If the rest of the country had followed California’s lead in supporting clean energy, improving efficiency, and creating green jobs, it might not be in the economic doldrums it’s in today. That’s the assertion made by venture capitalist F. Noel Perry, founder of the nonprofit policy group Next 10, which has just released a new report on how energy efficiency and clean technology has provided stimulus for California’s economy. “If California had not moved as forcefully to decrease energy consumption over the last three decades, we would be in a much more precarious economic position right now,” he said in an announcement today. “Imagine where the country could be if it were as efficient as California.”
Lest our imaginations run wild, let’s look at the hard facts. As we’ve noted before, clean technology investment hit a record $3.3 billion last year. According to the Next 10 report, the California Green Innovation Index, California registered more patents for clean technologies than any other state from 2002 to 2007. Grid-connected solar capacity grew by 41 percent from 2006 to 2007, contributing to a green jobs-creation rate that’s increasing 10 times faster than total job growth. (Data from 2008, when more than 10 solar thermal companies geared up for major projects in the Mojave Desert, might show even more growth.)
Another factor in the creation of 1.5 million jobs: California residents and companies with lower energy bills had cash to spend on other things.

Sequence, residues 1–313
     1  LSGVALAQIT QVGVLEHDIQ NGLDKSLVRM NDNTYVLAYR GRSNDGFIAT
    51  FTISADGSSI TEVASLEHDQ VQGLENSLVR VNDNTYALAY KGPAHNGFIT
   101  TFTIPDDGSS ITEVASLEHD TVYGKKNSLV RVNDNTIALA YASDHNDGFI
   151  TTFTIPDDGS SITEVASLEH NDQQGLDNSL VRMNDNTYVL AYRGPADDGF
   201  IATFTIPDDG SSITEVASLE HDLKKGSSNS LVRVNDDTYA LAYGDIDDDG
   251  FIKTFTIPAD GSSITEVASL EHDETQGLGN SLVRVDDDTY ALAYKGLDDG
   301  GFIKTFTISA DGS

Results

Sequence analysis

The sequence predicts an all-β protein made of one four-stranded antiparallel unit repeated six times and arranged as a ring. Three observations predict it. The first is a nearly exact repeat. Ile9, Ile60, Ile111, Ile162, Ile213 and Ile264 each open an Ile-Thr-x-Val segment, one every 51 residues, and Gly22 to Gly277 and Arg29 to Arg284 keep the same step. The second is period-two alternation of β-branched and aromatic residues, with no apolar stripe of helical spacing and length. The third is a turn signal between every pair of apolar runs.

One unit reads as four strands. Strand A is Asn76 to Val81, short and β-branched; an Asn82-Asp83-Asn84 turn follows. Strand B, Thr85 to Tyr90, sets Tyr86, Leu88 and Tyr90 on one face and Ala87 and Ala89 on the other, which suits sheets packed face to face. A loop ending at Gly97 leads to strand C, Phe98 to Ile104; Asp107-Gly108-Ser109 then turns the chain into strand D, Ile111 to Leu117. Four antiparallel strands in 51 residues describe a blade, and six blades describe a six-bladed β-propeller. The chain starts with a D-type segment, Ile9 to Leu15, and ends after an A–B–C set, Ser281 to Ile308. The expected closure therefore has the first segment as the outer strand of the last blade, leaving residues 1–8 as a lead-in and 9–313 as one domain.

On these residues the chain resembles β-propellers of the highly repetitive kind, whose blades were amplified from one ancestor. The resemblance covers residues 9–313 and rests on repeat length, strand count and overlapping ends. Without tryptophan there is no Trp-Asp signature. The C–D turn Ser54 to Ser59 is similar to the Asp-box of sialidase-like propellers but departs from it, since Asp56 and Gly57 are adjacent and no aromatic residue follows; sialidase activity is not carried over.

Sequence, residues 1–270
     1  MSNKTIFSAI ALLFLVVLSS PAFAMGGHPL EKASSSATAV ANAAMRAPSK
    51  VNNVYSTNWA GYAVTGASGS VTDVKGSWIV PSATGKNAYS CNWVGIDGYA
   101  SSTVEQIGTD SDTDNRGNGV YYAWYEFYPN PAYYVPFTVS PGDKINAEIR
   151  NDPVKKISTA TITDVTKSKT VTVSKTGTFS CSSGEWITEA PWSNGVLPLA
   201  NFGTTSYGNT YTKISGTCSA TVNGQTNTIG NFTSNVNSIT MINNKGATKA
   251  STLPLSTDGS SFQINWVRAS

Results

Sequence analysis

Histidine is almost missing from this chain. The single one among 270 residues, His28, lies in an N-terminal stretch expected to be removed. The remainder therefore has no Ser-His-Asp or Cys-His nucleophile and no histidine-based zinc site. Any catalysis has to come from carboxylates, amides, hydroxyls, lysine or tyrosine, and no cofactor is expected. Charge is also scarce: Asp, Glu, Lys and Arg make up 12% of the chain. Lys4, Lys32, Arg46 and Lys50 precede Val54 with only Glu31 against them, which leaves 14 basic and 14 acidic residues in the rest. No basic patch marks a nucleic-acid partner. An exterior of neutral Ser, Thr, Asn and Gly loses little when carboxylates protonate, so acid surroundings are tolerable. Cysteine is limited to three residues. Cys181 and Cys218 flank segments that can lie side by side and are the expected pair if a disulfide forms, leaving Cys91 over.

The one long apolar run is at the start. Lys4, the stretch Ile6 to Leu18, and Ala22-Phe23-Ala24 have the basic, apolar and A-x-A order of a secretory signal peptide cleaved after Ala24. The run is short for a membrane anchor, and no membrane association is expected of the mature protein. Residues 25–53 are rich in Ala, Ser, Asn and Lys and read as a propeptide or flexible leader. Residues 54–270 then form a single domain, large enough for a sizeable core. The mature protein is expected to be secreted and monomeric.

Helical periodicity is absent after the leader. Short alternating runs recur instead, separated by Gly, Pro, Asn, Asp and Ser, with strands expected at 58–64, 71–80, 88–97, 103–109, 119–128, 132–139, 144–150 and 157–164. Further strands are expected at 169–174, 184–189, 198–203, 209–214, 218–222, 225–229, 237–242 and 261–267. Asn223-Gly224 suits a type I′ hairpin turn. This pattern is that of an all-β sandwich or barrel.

Given that President Barack Obama’s plan for reviving the U.S. economy centers on a Green New Deal, California’s numbers would appear to make it a model for the nation. Crucially, the state’s GDP has continued to grow while per-capita emissions have gone down (total emissions, while rising, have slowed in recent years).
But California has some of its own catching up to do — especially when it comes to fuel economy. According to Next 10, the state has more alt-fuel vehicle registrations than any other state, and the Los Angeles, San Francisco and Sacramento metropolitan areas rank among the top ten markets for hybrids. Yet behind all those shiny new cars are highways choked with gas guzzlers: The most recent data shows California’s average fuel economy (19.9 mpg) lagging behind the U.S. as a whole (20.1 mpg). President Obama’s push for the EPA to let California enforce tighter fuel economy standards, then, couldn’t have come too soon.